The Court of Justice of the European Union (CJEU) will consider the issue of pension rights in relation to same sex partners in the case of Dr David L Parris v Trinity College Dublin.
The case concerns an Irish pension scheme, the rules of which provide that a survivor's pension will only be payable to a member's spouse or civil partner on the member's death if the marriage or civil partnership was entered into before the member reached age 60 or retired, whichever is the earlier. The member bringing the claim has lived in a relationship with his same sex partner for more than 30 years. He entered into a civil partnership in the UK in 2009 at the age of 63. His civil partnership was only recognised under Irish law with effect from 12 January 2011 following a change in the law. It would have been impossible for him to enter into a legally recognised relationship with his civil partner before age 60.
The Advocate General, whose opinions are not binding but are often followed by the CJEU, has stated in her opinion that that the provision in the scheme rules conflicts with EU law on equal treatment.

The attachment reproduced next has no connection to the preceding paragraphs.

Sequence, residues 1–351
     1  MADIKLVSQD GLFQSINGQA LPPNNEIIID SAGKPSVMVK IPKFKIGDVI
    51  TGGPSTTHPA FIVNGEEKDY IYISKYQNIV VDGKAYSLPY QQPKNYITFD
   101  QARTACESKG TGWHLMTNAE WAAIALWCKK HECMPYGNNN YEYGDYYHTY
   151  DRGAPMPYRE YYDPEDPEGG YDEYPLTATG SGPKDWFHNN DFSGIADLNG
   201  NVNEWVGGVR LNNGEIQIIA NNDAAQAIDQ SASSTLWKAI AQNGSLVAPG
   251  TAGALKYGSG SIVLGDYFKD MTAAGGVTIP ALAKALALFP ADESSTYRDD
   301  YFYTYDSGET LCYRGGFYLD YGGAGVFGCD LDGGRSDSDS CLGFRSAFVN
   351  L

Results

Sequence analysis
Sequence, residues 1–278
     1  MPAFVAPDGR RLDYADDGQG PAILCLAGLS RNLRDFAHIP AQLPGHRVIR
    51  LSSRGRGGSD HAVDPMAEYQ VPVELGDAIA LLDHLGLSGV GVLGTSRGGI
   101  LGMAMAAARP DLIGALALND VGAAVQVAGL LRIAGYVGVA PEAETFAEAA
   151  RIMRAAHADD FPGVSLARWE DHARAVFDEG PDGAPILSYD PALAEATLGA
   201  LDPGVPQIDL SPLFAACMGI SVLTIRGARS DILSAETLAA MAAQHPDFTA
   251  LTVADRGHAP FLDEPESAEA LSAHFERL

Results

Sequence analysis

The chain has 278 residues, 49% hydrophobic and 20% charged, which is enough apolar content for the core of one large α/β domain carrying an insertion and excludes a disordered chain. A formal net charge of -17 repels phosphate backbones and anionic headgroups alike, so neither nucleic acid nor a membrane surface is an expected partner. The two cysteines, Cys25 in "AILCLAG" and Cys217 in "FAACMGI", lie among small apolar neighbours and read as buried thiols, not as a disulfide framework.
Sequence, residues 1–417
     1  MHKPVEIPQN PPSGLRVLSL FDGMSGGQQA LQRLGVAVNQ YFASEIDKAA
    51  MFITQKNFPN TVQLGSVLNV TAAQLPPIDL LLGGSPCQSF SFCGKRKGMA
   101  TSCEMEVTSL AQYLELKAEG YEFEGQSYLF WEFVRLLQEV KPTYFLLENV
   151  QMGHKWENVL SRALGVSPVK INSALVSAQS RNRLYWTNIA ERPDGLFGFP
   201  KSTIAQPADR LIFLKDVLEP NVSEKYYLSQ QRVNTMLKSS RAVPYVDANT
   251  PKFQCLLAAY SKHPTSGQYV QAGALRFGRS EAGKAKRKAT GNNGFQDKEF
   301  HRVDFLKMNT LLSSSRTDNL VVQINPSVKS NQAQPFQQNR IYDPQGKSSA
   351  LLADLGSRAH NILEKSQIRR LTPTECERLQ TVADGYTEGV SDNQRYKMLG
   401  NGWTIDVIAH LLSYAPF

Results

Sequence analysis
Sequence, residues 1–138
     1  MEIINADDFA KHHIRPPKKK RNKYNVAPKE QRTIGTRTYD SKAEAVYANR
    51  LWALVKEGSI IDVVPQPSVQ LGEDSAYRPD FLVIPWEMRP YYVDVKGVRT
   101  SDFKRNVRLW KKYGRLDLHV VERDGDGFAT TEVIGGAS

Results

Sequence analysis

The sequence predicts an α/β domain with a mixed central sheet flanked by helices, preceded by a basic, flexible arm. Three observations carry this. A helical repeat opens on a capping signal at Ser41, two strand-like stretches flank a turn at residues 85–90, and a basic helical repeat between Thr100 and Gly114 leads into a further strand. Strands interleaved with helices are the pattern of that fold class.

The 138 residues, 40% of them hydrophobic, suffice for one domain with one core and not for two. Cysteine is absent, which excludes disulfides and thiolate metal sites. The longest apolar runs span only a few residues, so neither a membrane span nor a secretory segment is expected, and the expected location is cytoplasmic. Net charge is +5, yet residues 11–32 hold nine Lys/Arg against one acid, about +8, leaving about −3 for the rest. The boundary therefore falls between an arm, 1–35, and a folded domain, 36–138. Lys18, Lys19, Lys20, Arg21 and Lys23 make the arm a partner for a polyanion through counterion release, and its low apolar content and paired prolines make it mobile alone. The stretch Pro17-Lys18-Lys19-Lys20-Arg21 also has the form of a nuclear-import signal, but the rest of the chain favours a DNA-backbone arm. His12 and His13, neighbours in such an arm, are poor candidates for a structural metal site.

UK pension scheme rules sometimes contain provisions designed to avoid liability to pay a spouse's pension in the event of a "death bed marriage" (i.e. a marriage which may have been entered into specifically for the purpose of conferring pension rights), so the case could be relevant in the UK in that context. Of more importance is whether the CJEU decision may contradict the decision of the Court of Appeal in Walker v Innospec, which upheld the legality of UK legislation which allows survivor benefits for same sex spouses/civil partners to be calculated only by reference to pensionable service on or after 5 December 2005.